thu 16/08/2018

Dark River review - haunted rural realism | reviews, news & interviews

Dark River review - haunted rural realism

Dark River review - haunted rural realism

Family secrets are dredged up in the Yorkshire moors

Shotgun justice? Alice (Ruth Wilson) searches for answers

Country darkness falls quickly when Alice (Ruth Wilson) goes back to the farm. She stops before entering to gratefully absorb the Yorkshire countryside’s sunny beauty. But after that, Clio Barnard’s third film deals mostly in mud, rain, silence and pain, as memories of Alice’s recently dead dad (Sean Bean) stalk her through every farmhouse room, his sexual abuse plainly implied. Brother Joe (Mark Stanley, pictured below with Wilson) stayed behind when she escaped for 15 years, helping to keep the farm staggering on. Alice’s desire to take over the tenancy their dad promised her – guilty blood money she grabs as a legacy – leaves the siblings at war, and this rotten house of secrets ready to fall.

In Britain’s small but crucial new wave of realist rural films, it’s remarkable how much Dark River rhymes with last year’s The Levelling. Both involve daughters returning to failing farms where their fathers were weighed down with guilt. They’re almost silent films at times, in settings which, as Alec Secereanu’s itinerant worker observes in God’s Own Country, are “beautiful, but lonely”.Joe (Mark Stanley) and Alice (Ruth Wilson) in Dark RiverStill, it’s the social context in which Alice’s trauma plays out which distinguishes Dark River, and Ruth Wilson’s performance. Though Alice is used to the physical rigours of sheep farming, being a rare female farmer in an environment where she was abused leaves her doubly braced for assault. A quick post-pub shag with a man she once fancied and her physical defence by an older male friend are rare moments of relief from professional insults, and Joe’s hair-trigger temper. The farm’s corporate freeholders, tempting the hopelessly over-his-head Joe to take on the tenancy and sell up, meanwhile suggest the wider battle which small tenant farmers who love their land have to endure.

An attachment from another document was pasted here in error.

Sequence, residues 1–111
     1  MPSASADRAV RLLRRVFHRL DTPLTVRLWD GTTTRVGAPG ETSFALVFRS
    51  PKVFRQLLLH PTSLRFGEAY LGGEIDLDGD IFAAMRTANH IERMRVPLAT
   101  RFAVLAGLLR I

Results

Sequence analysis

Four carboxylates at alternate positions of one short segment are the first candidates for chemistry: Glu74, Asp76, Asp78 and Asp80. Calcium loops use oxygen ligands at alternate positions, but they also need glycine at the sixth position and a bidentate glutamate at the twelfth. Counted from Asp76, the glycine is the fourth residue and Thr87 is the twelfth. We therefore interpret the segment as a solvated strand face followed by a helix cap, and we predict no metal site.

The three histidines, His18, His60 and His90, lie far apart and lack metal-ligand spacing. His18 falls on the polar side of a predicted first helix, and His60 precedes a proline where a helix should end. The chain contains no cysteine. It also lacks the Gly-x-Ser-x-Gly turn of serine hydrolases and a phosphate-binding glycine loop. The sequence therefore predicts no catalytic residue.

This is Barnard’s third exploration of her native Yorkshire. It’s her furthest venture yet from the Bradford council estate edgeland of her semi-documentary investigation of playwright Andrea Dunbar, The Arbor, and as Alice wanders away from the farm to dip in a river, and later seems to sink into the land, ancient ceremonies and sacrifices are suggested. A folk song sung by fellow occasional sheep-farmer PJ Harvey adds to these hints of pre-industrial thoughts and deeds.Alice (Ruth Wilson) in Dark RiverThose climactic scenes also lurch into melodrama after the earlier simmering dread. They at least make clear that, just as Barnard’s The Selfish Giant was a platonic love story between two otherwise friendless young boys, so Dark River is about the love between sister and brother, brutalised by their father but finally redeemed.

For a former conceptual artist and documentarian, Barnard is strong on characterisation and narrative, as well as the social pressures and landscapes which shape lives. Like her previous films, Dark River also sees her taking the long view of a life. Alice’s abuse remains only as flashback shards breaking through from the past. Barnard is more concerned with this haunting’s survival and banishment.

As Alice seems to sink into the land, ancient ceremonies and sacrifices are suggested

rating

Editor Rating: 
4
Average: 4 (1 vote)

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